The P-Trap is a device that’s usually found under sinks and serves a multitude of purposes. The P-trap prevents clogs by capturing debris to stop blockages from forming and works to stop gases from the sewer entering properties. P-traps tend to be made from PVC or steel, commonly PVC P-traps are installed but if they’re not cased inside a cupboard, steel ones are used because they’re more aesthetically pleasing. P-traps are literally shaped like the letter ‘P’, this part acts as a water seal, allowing water to pass through but never back up towards the vessel it left.

What a P Trap Pipe looks like

Public Sewer

The Public Sewer is a large pipe that feeds into more than one property. This removes waste from buildings and directs it into public sewers.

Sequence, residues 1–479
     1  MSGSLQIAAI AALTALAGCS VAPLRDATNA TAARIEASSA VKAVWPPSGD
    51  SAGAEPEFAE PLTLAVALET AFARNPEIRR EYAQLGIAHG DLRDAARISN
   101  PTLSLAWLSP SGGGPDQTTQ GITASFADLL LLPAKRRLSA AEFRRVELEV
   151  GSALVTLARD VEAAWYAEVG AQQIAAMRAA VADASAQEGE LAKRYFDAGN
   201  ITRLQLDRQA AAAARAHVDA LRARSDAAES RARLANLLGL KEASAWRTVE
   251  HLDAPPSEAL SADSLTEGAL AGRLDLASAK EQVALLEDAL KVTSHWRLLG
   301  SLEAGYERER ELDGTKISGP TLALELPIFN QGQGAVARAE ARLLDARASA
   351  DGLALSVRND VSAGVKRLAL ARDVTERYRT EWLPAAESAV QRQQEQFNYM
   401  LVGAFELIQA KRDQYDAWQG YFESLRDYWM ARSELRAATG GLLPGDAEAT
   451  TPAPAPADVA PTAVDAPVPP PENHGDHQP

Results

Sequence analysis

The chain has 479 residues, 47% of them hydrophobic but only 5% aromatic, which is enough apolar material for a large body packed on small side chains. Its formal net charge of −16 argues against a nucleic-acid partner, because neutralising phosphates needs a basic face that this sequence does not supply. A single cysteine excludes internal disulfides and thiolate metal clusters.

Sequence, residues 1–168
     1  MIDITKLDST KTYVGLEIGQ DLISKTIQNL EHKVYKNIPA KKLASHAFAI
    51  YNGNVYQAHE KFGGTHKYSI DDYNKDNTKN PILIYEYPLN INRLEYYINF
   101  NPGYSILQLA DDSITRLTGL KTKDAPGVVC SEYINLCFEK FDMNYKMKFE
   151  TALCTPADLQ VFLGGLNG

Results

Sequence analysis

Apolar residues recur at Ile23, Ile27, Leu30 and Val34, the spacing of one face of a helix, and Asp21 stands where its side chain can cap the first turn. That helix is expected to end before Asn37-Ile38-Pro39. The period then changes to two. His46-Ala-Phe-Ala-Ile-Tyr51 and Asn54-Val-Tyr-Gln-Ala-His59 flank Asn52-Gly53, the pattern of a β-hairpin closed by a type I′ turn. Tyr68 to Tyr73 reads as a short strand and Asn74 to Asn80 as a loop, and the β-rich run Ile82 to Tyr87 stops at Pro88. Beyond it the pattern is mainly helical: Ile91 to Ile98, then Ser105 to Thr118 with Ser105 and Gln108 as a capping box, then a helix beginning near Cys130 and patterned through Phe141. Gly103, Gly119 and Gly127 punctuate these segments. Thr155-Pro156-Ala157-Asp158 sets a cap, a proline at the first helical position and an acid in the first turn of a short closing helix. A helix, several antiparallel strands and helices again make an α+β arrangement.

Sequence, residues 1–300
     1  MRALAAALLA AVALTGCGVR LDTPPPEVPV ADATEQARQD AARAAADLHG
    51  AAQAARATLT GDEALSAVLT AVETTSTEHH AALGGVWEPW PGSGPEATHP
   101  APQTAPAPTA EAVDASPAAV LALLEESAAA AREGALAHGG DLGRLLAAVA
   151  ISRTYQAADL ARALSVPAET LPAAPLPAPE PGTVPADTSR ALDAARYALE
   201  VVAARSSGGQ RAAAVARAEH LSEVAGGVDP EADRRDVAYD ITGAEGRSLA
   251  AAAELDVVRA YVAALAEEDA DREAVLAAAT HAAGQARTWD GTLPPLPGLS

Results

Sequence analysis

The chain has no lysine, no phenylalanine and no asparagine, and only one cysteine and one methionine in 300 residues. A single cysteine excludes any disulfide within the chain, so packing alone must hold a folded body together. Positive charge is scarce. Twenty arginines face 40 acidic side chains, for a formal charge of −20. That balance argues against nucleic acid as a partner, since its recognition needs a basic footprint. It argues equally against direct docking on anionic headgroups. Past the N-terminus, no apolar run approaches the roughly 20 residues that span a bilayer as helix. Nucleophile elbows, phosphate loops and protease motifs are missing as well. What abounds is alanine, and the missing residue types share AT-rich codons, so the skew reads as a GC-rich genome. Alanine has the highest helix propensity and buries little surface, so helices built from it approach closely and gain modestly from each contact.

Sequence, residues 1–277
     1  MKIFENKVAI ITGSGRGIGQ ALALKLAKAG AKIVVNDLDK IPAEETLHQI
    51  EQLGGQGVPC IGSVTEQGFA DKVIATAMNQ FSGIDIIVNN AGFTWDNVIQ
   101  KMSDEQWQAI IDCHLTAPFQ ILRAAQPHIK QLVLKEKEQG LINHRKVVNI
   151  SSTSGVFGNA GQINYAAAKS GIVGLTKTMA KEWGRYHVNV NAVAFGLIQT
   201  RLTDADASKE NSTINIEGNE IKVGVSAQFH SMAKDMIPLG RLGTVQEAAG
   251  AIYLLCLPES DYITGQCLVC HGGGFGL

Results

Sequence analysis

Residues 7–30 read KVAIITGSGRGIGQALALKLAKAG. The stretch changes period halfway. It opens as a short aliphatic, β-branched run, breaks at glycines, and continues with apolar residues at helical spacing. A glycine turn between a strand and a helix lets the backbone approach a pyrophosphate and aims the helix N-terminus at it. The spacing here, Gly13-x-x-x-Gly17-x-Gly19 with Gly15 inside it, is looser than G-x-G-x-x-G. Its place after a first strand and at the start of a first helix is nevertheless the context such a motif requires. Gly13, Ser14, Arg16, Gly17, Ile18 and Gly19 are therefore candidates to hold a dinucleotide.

Public Sewer Systems

Rigid Copper

Rigid Copper is commonly used for water supply pipes because they do not carry any health risks like PVC can. This material is mainly used by professional plumbers because this material is more difficult to work with and requires precise cutting



An S-trap used to be part of a toilet but is no longer used because it has been known to allow sewer gases through and into the home.

Surface Water Drainage

Surface Water Drainage collects rainwater from the outside of a property, from the roof guttering and transports it through manholes which will then flow through to access chambers and into the storm drain network.

Shower trap

A Shower trap is a fitting that prevents clogs inside the drainage of your bath and/or shower. The shower trap is a straight pipe with a U bend that is positioned downwards to trap water between the inlet and the outlet - it is made up of three sections. The first part is the inlet, this is a vertical pipe that transports sullage from the bath or shower away and into the trap. The ‘trap’, is the second part, here the stagnant water is replaced by new water that flows through the inlet. The outlet is a horizontal pipe that shifts wastewater towards a main drain and from there it will enter the sewers.